You might also decide to cross-promote certain groups of players to a game more suited to their spending style. Do you have a group of players who tend to use in-app purchases, but they’re in a game where you don’t have many? Guide them to a different game in your portfolio.
Your ads are your income. But cross-promotion is like a sieve, separating people to the places where they’ll be most valuable.
What should I do?
The best way to figure out whether you should cross-promote or use ads is to either plug your data warehouse into a machine learning algorithm or run a bunch of A/B tests. For example, you could run an A/B test to see where to place your ads.
Decision four: Which players should I show more IAP offers to?
Not every player reacts in the same way to offers and IAP. With the right data, you can start creating groups and divide your players into different categories (this is especially important for your whales). You can change which offers you show them. Perhaps provide offers on cosmetic items to one group, while you show another loot boxes in bigger bundles.
Decision five: Which players should I show more ads to?
If you create groups of players, you can spot which players drop off your game when they see ads. When they next download a game from you, you can make sure to show them fewer adverts and keep them around for longer. You could even show them an option to remove the ads.
Likewise, you can add a player to a group that doesn’t buy IAP. With this group, you can deliberately show them more adverts, show them more offers to encourage them to spend or add rewards for their patience.
Decision six: What should I do with my weakest games?
Don’t write off a low-earning game, just because it’s not creating revenue. Perhaps it has other uses. For example, it could help you discover whales or introduce your players to your other titles. You can use these games to find your best players and even drill down further, creating a group of players who play more than one of your games.
You can also look at why those games are performing poorly. Are there too many ads? Do they have different features? Is it the genre? Learning this, you can experiment and make tweaks to see what works. You can then use this knowledge on your better-earning games to really see a difference.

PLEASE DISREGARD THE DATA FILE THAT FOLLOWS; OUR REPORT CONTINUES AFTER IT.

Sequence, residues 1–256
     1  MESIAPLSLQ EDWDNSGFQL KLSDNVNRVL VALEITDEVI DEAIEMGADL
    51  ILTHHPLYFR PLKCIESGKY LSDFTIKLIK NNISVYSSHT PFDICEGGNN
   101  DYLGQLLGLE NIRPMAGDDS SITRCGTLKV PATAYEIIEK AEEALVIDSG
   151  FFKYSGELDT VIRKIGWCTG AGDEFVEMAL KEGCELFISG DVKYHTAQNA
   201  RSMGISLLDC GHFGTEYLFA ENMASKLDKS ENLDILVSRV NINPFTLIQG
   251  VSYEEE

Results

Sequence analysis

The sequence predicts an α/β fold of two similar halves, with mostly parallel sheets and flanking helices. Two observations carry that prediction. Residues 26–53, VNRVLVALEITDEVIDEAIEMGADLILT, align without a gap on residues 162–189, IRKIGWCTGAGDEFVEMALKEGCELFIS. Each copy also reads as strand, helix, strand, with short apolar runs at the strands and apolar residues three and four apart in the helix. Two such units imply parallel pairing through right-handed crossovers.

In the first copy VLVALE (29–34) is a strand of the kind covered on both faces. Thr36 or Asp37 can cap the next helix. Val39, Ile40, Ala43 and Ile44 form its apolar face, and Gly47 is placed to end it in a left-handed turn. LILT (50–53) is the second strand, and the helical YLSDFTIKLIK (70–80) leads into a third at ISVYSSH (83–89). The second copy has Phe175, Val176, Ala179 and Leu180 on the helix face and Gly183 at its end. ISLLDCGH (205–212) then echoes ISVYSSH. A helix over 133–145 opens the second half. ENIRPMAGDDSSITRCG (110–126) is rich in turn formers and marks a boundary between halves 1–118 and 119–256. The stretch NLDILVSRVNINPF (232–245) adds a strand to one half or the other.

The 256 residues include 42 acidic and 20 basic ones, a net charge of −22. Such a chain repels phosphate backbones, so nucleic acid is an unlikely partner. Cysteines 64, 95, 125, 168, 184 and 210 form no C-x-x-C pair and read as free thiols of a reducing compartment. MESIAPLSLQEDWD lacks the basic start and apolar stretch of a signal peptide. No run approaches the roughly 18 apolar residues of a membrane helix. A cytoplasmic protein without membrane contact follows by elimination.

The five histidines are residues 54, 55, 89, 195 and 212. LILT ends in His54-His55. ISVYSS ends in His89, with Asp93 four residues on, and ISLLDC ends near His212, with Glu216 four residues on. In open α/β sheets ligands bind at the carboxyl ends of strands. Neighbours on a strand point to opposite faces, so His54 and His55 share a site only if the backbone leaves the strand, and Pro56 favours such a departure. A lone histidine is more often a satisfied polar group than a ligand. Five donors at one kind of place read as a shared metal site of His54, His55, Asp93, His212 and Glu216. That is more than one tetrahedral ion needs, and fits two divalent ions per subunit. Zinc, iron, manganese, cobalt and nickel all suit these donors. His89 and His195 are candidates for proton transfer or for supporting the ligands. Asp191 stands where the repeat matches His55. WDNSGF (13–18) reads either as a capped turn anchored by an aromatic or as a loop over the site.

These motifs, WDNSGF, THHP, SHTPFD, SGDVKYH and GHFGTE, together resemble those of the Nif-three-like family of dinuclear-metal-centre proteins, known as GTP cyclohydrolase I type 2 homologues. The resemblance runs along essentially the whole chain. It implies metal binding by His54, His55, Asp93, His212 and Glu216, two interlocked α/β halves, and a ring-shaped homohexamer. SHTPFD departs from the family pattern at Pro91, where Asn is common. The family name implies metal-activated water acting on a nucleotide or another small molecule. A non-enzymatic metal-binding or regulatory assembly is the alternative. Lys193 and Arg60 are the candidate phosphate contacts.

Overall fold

Decision seven: Which players are likely to give good reviews?
Even low-spending players can have value in other ways. When creating your groups, look for players that often give good reviews. (Often these are the ones with the highest playtime, who installed a long time ago, spent a lot of money, or have had no bugs flagged.) You can now create a new group and prompt them to leave you reviews.
If you need to give them more incentive, give them a freebie for their time. They’ll see that you value them and are even more likely to leave a positive review.
If you see a problem during your onboarding, it’s best to remove it and stick it in for review.GameAnalytics
Decision eight: Which levels are best for my tutorial?
Spotting a tricky level can help you see whether you need to improve your tutorial. It could be that you didn’t explain a concept well enough or that your players aren’t remembering a certain mechanic. It could even be a bug that needs fixing.
If you see a problem during your onboarding, it’s best to remove it and stick it in for review. Rather than leaving it while you try to solve the problem. A quick decision at this point can help increase playtime and retention.
Decision nine: Which countries should I spend my advertising on?
You’ll find that some countries will give you players who spend money, while others are useful to run tests. With the right searches, you’ll find out which gives you the best lifetime value. These are the countries you want to take the least risks with and show the most ads to.
Meanwhile, countries with low lifetime value are useful for soft launches, releasing major patches to make sure they’re working, and big experiments.
Get started with Player Warehouse
GameAnalytics designed its Player Warehouse specifically with developers in mind. It brings together the data from all your games, connects with the company’s other tools as well as letting you link up with third-party applications.
Get started and make the most of your games.